“Your grace—” Cheng-han caught himself, but both of them were waiting for him to continue now, Jessica with her expression carefully marshaled. “If these souls get damaged before we can upload them then they’ll never have a proper grave. Once this information’s destroyed, it’s lost forever.”
“I understand the urgency. I’m the one with ultimate responsibility for bringing these souls to a safe harbor.” She shifted closer, not a full step, but enough to infringe on the boundaries of personal space. “I’m also responsible for ensuring that this city fulfills its voyage to the colonies with as many people as possible in one piece. That won’t happen if I’ve worn out my best crew panicking over a problem that will, in time, be solved.”
Cheng-han didn’t meet Jessica’s eyes. “I’ll send you the updated schedule.”
Soon the apparitions grew so strong that they looked almost corporeal. The crew had begun to report other occurrences, too. They heard voices, sometimes ones they recognized, laughter and shouting. One of them said he could smell his parents’ homemade soup, said he could tell how long the fish had been smoked for. His family plot lay close to the breach site. Jessica had taken him off the repair team, though he had begged to stay.
The reports were thorough, but it was something else to walk through this cavernous bank of wandering souls. The crypt was awfully lonely without anyone inside it.
Jessica crept through, torch low at her side, on her way to a place she had not been for a long time.
The voices that shouldn’t have been there echoed louder in the now cavernous emptiness. Without the sickly glow of low-power lighting, the ghosts looked more solid than ever before, as if the darkness afforded them mass.
A year is a long time.
Finally, she reached the grave. She was filled with a stillness that she’d cast off as a luxury in the busy world above. Here, she sat and waited.
Em manifested first as a glow at the edge of her vision. Jessica turned her head and there she was, solidifying into reality: a woman made of pale blue light, still dressed in the officer’s uniform she had died in.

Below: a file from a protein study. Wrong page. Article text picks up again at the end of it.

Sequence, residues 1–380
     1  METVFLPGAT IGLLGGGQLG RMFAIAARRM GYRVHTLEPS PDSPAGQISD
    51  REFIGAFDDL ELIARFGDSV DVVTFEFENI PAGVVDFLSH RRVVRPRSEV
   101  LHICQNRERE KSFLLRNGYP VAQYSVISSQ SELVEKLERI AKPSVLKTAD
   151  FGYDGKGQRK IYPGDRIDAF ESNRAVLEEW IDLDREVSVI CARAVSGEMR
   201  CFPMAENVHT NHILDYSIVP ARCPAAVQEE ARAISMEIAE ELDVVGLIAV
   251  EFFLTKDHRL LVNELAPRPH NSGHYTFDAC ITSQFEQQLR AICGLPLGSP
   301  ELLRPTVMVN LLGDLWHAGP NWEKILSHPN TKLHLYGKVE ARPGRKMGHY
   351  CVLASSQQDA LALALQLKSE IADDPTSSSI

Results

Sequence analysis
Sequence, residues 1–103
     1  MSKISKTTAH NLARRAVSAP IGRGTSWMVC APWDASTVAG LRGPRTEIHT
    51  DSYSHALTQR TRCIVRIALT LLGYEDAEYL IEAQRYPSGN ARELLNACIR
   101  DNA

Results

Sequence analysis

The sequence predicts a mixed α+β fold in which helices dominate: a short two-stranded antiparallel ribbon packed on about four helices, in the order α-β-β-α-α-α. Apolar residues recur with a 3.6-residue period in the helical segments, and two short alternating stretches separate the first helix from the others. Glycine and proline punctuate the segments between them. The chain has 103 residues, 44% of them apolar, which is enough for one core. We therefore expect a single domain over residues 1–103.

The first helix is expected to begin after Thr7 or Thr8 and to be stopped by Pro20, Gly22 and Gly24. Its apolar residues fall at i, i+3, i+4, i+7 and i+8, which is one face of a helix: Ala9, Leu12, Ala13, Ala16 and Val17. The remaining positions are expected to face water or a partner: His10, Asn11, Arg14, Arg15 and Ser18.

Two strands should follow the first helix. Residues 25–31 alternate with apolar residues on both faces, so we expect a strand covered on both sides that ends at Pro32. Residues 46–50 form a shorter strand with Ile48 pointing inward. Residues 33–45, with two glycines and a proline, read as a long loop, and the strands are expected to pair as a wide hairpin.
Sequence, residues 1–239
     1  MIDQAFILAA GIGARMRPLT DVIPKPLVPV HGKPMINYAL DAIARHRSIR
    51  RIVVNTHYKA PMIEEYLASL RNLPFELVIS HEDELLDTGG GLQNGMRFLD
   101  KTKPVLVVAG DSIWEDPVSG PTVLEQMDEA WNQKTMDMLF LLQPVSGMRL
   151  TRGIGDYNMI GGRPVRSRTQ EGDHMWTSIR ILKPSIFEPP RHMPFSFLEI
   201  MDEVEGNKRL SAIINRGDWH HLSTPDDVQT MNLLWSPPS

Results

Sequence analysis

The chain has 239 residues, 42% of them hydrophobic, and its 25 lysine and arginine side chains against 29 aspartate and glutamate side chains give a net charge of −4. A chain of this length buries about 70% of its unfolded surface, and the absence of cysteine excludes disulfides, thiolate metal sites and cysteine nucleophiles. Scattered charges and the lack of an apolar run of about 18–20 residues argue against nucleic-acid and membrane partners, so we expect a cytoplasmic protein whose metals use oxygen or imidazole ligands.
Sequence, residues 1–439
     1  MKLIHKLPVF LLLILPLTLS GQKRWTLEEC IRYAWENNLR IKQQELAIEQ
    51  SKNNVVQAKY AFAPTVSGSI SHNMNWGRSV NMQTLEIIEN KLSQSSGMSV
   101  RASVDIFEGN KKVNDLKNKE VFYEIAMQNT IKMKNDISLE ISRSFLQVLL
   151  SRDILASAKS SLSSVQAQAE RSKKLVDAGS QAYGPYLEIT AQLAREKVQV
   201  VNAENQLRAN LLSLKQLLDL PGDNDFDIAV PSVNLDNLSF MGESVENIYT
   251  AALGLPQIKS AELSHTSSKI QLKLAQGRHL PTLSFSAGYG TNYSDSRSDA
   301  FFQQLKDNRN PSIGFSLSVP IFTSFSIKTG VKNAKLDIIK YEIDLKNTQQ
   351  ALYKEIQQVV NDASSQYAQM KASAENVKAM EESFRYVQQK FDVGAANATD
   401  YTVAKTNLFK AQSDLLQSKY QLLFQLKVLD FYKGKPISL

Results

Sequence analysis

“Hello,” Jessica whispered. The spirit didn’t respond. This was just a small clip of the vast reams of data that had been stored on Em’s death: a cache of memories. No interface. No consciousness to speak of.
This particular memory seemed to be of surgery. She was bent over, focusing ferociously, her hands moving with delicate precision. Jessica remembered her working like this in the aftermath of so many attacks. She was inexhaustible; never let anyone go who could be saved.
A startled “oh” interrupted her reverie. She turned to see Cheng-han, wrongfooted and surprised. He didn’t say anything, digesting the scene, but the guilt on his face softened into curiosity.
Jessica waved her hands, a what-can-you-do gesture. “I miss her too.”
He sat next to her, cautiously, as if her mood might change at any moment. “This is why you changed the shifts.” She nodded.
They both watched their dear dead woman operate on a patient who they couldn’t see. Jessica was fixated by the strands of hair that had escaped from her ponytail, by the mole above her lip, by the twitch of frustration when something went wrong.
When the ghost faded, Jessica broke the silence. “I thought you might come. I wasn’t sure.”
Moments later a laugh was echoing vibrantly around them, quiet then loud in the emptiness, unmistakably hers.
She glanced at Cheng-han and saw his cheeks glistening in the glow of the status lights. He stared straight ahead, his jaw set.
She stood up slowly. “I’ll leave you alone with her.”
When she reached the end of the row, she turned back to check on him. A small figure now in the long dark room, he had hunched down even smaller. She could no longer see his face.